The basics of bankruptcy
Whether you're up to your neck in loans, out of work or stretching
one small paycheck to meet ever-growing obligations, nearly everyone
occasionally flirts with the idea of ditching their debt.
But the reality of bankruptcy is that it's a complicated
legal procedure that will trash your credit rating.
Many states have their own bankruptcy regulations,
which can make a big difference in what property you're allowed
to keep. Since bankruptcy is a court-monitored activity, the bankruptcy
trustee, your creditors and a judge also will be involved.
Most individuals filing for bankruptcy opt for either
Chapter 7 or Chapter 13. While rules vary widely from state to state,
here's a general rundown on each:
Commonly known as liquidation, this form of bankruptcy basically
allows filers to give up assets in exchange for discharge of their
debts. This is frequently the option for people who have few or
no assets, often little or no income, and a lot of debt.
"You would use a Chapter 7 if you don't have
assets of value that the trustee would try to sell," says David
Greer, chairman of the consumer bankruptcy committee of the business
law section of the American Bar Association and principal with Norfolk,
Bankruptcy stops most garnishments, although it depends
on why you're being garnished. What you will be allowed to keep
will depend largely on your state laws. Some states allow you to
keep all of the equity in your home, while others exempt a certain
amount. In some places, individuals may keep their household goods.
Some states, like Virginia, allow filers to keep wedding and engagement
"Well over 90 percent are considered no-asset
cases," says Henry J. Sommer, editor-in-chief of Collier on
Bankruptcy and counsel with Philadelphia-based Miller, Frank &
Chapter 7 usually takes three to five months from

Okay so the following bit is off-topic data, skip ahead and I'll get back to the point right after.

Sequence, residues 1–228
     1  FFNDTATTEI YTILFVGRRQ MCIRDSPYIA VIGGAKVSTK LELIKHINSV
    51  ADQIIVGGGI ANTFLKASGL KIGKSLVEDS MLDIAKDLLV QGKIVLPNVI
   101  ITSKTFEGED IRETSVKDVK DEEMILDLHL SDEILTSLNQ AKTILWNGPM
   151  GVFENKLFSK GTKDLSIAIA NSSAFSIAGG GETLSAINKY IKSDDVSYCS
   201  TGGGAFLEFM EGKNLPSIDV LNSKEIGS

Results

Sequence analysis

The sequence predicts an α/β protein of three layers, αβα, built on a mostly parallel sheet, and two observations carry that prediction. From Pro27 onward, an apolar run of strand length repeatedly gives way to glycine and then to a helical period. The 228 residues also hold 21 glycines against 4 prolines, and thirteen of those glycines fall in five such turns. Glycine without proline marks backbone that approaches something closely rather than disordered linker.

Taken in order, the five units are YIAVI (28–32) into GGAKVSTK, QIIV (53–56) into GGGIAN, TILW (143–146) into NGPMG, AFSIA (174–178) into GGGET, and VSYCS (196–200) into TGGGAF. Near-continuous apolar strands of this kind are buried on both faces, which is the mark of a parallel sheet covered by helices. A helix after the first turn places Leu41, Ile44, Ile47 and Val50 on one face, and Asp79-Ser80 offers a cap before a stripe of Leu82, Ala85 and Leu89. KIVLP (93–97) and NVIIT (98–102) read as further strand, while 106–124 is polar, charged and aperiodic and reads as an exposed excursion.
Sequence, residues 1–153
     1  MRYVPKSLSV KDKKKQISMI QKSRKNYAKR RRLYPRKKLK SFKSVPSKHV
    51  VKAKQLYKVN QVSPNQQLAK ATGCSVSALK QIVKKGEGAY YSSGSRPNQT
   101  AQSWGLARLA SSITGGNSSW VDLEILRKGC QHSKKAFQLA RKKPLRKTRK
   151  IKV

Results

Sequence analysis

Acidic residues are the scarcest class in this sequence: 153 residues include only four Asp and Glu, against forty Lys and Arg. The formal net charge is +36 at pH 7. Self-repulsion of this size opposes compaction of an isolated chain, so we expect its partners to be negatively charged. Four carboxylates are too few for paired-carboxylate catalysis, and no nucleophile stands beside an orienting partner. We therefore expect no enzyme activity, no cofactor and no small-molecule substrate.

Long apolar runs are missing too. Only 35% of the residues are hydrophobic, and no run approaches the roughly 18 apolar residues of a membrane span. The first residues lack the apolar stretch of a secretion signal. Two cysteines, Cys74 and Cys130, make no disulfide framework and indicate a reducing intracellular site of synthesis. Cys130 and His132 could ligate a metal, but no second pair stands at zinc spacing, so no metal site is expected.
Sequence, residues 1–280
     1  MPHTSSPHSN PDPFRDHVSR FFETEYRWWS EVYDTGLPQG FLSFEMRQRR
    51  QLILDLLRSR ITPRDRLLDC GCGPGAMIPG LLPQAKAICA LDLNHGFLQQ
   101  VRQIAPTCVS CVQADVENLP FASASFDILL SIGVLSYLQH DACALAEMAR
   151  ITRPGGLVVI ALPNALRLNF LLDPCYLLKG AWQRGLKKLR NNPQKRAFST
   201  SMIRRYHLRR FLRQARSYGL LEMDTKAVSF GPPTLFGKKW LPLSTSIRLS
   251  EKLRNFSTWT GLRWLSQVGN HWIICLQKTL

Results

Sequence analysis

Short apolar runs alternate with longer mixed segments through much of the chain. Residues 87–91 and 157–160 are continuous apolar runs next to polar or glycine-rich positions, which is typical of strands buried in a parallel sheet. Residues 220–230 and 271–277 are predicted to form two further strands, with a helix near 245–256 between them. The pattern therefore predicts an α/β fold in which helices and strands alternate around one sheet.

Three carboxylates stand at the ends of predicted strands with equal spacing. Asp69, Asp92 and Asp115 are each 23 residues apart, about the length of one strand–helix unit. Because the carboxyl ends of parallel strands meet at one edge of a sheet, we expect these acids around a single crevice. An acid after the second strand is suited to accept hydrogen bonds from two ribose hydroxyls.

the date of filing to the final discharge. You can file only once
in six years.
Depending on the state you live in, you may or may
not be able to keep your home, car or a portion of your savings.
If you manage to hang onto a home or car after a Chapter 7, you
must keep up payments if you want to keep the property.
Since Chapter 7 is obviously an option of last resort,
check carefully to see what assets you can keep and what you stand
to lose before you even consider filing.
At filing, the individual provides a list of all assets
and obligations. A bankruptcy trustee goes over the list and decides
whether to sell any unprotected assets to pay outstanding debts.
Creditors can object on several grounds, including sudden disappearance
of assets and lies in the bankruptcy filing.
But Chapter 7 won't make all debts
go away. Those likely to stick with you include:
- Most student loans
- Child support
- Debts incurred through fraud
- Liabilities resulting from drunk driving
- Criminal fees, penalties and restitution
Chapter 7 could also eliminate
some tax debt, says Mark S. Wallace, attorney with Los Angeles-based
Stutman, Treister & Glatt, PC. But it will not help if the tax
debt is secured or "relatively fresh," says Ken Weil,
author of Resolving
Your Clients' Tax Liabilities.
This option will also be more damaging to your credit
rating than a Chapter 13 filing, according to John Ulzheimer, a
solutions delivery consultant with Fair,
Isaac & Co., the company that pioneered credit scoring and
created the model for the FICO score.
The impact will vary depending on how recently the
bankruptcy occurred and how many debts were discharged.
"The more accounts, the more impact," says
Ulzheimer. As the bankruptcy gets older, even though it remains
on the report, the "impact will diminish," says Ulzheimer.
Also known as debt adjustment, Chapter 13 allows individuals
to temporarily halt foreclosures and collection actions while they
draft and execute a plan to repay some or all of the debts over
a three- to five-year period.
"In many cases, if you are behind on your mortgage
or your car loan, and you don't think you can catch up quickly,
you file a Chapter 13," says Sommer, author of Consumer
Bankruptcy: The Complete Guide to Chapter 7 and Chapter 13 Personal
Bankruptcy. "That's probably the No. 1 reason people
file Chapter 13."